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UK Energy Market Analysis - April

UK Energy Market Analysis - April

In the economic environment, equity markets have shown only a modest response to the tense geopolitical situation, with the FTSE 100 trading close to its recent all-time high at 8,150 points. Attention remains on inflation, particularly with the contrasting trends between the US and Europe, which are expected to prompt the ECB and the Bank of England to cut interest rates sooner than the Federal Reserve, potentially strengthening the US Dollar. Despite concerns, the eurozone economy surpassed forecasts in the first quarter, driven by Germany's return to growth and robust expansion in Spain.

Volatility in oil markets has increased, with Brent crude fluctuating between $86 and $92 per barrel due to ongoing supply risks from the Middle East and Russia. While the renewal of OPEC+ production cuts and signs of demand recovery in the US and China have provided some support, recent increases in US inventories and weaker-than-expected global demand have tempered optimism.

In the gas sector, supply fears stemming from conflicts in Ukraine and the Middle East have elevated the risk premium on forward contracts. Factors such as cold weather and unplanned outages have supported short-term markets, resulting in a slight decrease in European gas storage, which, although still at an all-time high for this time of year (currently at 62.6%), has seen injections resuming.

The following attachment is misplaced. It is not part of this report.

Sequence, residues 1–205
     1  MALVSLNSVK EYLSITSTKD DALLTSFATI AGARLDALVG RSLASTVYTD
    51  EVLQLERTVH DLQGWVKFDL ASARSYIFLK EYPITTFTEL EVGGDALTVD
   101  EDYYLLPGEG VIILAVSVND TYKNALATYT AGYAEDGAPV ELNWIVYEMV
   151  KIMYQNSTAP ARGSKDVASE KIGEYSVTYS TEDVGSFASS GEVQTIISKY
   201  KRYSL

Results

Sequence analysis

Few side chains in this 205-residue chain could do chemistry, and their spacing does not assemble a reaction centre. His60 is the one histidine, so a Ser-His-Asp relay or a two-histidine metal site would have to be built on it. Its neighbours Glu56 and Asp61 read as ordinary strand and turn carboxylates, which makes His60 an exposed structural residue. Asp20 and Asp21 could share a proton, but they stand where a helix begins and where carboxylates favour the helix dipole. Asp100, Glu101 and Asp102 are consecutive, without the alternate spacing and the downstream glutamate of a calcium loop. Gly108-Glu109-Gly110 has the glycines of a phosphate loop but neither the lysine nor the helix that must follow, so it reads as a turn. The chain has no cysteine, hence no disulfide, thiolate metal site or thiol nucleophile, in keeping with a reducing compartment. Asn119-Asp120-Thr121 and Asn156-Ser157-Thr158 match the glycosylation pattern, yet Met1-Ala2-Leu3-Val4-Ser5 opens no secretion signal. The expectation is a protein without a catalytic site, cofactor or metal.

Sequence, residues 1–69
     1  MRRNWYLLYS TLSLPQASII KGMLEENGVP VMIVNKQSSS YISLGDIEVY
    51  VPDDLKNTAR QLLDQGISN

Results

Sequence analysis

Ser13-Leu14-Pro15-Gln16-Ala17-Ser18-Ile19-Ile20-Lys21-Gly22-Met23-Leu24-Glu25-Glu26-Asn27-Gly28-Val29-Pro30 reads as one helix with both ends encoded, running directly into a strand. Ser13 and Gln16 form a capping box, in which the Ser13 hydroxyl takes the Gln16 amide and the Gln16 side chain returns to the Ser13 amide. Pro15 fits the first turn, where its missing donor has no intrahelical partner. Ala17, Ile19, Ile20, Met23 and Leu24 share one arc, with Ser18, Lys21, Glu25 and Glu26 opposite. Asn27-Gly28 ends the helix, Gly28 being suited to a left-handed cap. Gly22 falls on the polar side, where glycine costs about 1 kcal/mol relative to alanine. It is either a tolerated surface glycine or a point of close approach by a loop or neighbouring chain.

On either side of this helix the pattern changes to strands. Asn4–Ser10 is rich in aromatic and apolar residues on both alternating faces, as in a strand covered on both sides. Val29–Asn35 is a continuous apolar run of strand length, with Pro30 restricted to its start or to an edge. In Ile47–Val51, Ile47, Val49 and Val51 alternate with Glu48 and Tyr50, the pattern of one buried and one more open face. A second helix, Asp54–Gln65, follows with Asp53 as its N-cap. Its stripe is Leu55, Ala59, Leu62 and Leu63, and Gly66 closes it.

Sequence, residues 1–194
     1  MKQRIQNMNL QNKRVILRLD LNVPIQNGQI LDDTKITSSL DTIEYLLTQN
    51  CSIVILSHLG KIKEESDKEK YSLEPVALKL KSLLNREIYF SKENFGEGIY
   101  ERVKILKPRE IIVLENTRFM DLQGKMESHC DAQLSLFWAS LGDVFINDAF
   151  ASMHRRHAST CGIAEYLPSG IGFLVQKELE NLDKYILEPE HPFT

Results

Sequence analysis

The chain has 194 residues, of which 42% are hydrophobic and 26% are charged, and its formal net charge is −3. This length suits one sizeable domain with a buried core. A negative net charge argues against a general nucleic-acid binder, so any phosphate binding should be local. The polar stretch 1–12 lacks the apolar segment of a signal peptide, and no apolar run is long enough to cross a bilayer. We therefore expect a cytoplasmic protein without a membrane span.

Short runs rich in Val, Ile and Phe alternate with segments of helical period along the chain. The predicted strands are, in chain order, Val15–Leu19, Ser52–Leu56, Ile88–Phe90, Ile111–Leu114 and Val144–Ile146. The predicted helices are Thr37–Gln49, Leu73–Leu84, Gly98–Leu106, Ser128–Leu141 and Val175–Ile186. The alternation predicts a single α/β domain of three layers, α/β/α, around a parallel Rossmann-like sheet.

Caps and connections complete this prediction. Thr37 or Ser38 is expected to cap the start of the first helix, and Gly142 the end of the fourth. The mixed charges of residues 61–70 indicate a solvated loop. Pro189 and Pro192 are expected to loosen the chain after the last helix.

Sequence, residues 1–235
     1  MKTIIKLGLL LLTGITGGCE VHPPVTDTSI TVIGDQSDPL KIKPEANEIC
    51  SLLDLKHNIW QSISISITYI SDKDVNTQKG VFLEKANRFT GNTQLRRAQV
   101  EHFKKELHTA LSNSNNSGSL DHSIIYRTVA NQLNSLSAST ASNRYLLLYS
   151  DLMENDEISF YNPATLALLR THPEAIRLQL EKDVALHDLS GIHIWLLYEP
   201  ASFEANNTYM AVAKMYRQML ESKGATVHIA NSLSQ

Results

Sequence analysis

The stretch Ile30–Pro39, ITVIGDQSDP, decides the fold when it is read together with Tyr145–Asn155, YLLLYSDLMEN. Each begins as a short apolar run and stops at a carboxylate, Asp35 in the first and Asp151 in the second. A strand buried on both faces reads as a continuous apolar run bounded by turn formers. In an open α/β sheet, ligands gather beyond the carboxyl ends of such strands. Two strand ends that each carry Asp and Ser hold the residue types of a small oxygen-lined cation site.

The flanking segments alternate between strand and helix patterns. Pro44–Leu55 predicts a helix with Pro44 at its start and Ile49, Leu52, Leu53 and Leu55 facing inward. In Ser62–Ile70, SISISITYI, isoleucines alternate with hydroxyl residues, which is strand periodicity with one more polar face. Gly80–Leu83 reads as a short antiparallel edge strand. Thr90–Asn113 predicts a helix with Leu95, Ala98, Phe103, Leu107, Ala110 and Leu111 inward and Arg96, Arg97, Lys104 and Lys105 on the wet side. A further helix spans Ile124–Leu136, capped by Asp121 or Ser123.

The rise in gas market volatility has impacted electricity contracts in the UK, with prices for Winter 24 rising from £72.75/MWh in early April to £88.00 on April 16th (currently at £82.00). Recent temperature fluctuations in Europe, from below seasonal values to forecasts indicating a warmer-than-average start to May, have also influenced market dynamics. Additionally, strong renewable and nuclear output in France, coupled with low demand due to bank holidays, are expected to drive significant exports to neighboring countries in the coming weeks.


Looking ahead, despite continued geopolitical tensions in regions such as the Red Sea and the Indian Ocean, the risk premium in oil markets has decreased, with the front-month Brent contract trading at $83.50 per barrel, its lowest level since late March. While long-term gas contracts typically follow suit, short-term prices have been supported by maintenance activities in the North Sea and the outage at Freeport LNG. However, a significant increase in Norwegian output and the arrival of the first cargoes from Freeport LNG, barring major disruptions from other major suppliers, are expected to lead to price decreases again by mid-month.


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